On May 5, 2021, OIG issued guidance on its COVID-19 Administrative Enforcement FAQs page stating that an ambulance provider or supplier waiving or discounting Medicare beneficiary cost-sharing obligations presents a low risk of fraud and abuse where the ambulance provider or supplier waives or discounts costs of services paid for by Medicare under a waiver established pursuant to section 1135(b)(9) of the Social Security Act.
OIG released the FAQ to provide guidance on HHS’s recent waiver of certain statutory requirements for emergency ground ambulance services, which HHS adopted following widespread local changes to ambulance provider and supplier practices during the COVID-19 public health emergency. Specifically, over the past 14 months, various state, local, or municipal authorities have established new emergency medical service (EMS) protocols that require or allow ambulance providers and suppliers to treat certain patients, including Medicare beneficiaries, “in place” instead of transporting them.
In response to these new EMS protocols, pursuant to section 1135(b)(9) HHS determined ambulance providers and suppliers do not need to transport a patient to be eligible for Medicare reimbursement. Under HHS’s new policy, ambulance providers and suppliers are still eligible for Medicare reimbursement if the ambulance providers and suppliers would have transported the patient to a Medicare-approved destination but did not transport the patient as a result of the new EMS protocols. The new policy is effective retroactively for services rendered on or after March 1, 2020.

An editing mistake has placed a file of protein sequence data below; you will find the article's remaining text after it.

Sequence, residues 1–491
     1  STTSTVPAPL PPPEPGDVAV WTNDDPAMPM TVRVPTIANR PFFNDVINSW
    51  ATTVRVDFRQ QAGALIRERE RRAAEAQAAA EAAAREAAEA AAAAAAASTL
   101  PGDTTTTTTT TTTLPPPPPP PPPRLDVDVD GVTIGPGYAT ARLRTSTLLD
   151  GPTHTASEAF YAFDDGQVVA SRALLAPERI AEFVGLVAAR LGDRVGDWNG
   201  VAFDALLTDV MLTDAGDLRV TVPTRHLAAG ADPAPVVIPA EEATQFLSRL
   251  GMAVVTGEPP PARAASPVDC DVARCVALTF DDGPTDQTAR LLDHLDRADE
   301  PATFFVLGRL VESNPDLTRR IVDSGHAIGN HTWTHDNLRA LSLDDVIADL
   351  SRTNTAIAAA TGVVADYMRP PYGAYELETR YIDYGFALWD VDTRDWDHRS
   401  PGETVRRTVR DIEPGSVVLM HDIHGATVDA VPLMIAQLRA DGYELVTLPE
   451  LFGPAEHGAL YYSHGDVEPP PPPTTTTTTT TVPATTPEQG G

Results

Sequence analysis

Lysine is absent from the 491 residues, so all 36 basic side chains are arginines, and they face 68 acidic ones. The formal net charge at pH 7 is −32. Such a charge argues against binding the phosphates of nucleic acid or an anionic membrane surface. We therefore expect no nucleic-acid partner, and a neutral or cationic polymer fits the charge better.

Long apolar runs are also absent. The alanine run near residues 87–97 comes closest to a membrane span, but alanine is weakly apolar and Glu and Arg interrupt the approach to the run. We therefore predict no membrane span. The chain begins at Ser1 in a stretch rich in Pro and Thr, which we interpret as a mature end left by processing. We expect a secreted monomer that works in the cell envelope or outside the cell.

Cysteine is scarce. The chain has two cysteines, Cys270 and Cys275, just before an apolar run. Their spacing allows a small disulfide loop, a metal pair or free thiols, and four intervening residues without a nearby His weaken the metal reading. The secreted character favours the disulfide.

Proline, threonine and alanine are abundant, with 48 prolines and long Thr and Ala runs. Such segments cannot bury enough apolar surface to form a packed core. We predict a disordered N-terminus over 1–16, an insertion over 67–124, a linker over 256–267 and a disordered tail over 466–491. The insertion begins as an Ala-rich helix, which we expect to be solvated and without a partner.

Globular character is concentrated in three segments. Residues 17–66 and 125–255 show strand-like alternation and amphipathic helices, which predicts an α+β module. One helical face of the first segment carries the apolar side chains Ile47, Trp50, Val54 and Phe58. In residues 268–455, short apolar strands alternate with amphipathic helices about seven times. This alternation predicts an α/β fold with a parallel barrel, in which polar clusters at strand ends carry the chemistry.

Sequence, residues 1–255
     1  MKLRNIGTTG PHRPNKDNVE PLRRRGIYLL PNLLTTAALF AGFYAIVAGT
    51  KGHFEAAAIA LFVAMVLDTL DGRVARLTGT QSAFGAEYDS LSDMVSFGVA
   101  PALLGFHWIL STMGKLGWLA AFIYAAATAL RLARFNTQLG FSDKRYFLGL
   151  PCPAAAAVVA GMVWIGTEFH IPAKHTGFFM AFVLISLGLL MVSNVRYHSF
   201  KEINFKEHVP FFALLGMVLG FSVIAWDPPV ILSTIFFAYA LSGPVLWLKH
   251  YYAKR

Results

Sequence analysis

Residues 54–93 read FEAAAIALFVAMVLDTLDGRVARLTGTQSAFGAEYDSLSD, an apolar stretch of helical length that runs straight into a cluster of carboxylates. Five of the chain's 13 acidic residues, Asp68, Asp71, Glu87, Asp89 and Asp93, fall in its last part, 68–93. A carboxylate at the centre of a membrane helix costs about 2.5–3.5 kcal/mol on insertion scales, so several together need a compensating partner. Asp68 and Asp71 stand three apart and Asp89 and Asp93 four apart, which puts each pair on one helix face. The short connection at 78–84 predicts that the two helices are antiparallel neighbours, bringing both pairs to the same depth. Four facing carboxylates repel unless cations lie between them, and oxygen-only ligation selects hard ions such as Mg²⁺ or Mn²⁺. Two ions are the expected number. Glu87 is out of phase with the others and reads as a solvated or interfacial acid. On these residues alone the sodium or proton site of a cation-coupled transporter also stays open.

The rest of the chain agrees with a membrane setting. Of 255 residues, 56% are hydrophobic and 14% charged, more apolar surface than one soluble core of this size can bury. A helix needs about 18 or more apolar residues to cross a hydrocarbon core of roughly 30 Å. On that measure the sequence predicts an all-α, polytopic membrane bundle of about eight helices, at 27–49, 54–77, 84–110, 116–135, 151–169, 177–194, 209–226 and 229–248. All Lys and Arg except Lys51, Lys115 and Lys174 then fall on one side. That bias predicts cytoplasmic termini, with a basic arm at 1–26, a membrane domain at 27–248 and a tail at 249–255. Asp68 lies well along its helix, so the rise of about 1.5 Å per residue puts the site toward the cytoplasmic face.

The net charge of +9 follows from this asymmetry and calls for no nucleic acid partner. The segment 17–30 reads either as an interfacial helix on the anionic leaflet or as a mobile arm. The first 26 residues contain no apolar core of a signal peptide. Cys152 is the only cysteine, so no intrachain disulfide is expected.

The FAQ addresses potential Federal anti-kickback concerns where the ambulance providers and suppliers decide to waive or discount the Medicare beneficiary’s cost-sharing obligations for services provided and billed to Medicare under HHS’s new policy. OIG noted cost-sharing obligations arising under HHS’s new policy “could result in the perception of ‘surprise billing,’” especially for services billed retroactively. Prior to the new HHS policy, ambulance providers and suppliers had no expectation that the Medicare program would reimburse them for services that did not involve transport, and beneficiaries receiving services had no expectation that they would incur cost-sharing obligations. Therefore, OIG concluded it would represent a low risk of fraud and abuse for ground ambulance providers and suppliers to waive or discount beneficiary cost sharing obligations for claims billed in the circumstances addressed in the FAQ.
The May 5th FAQ along with all previous FAQs are available on OIG’s website here.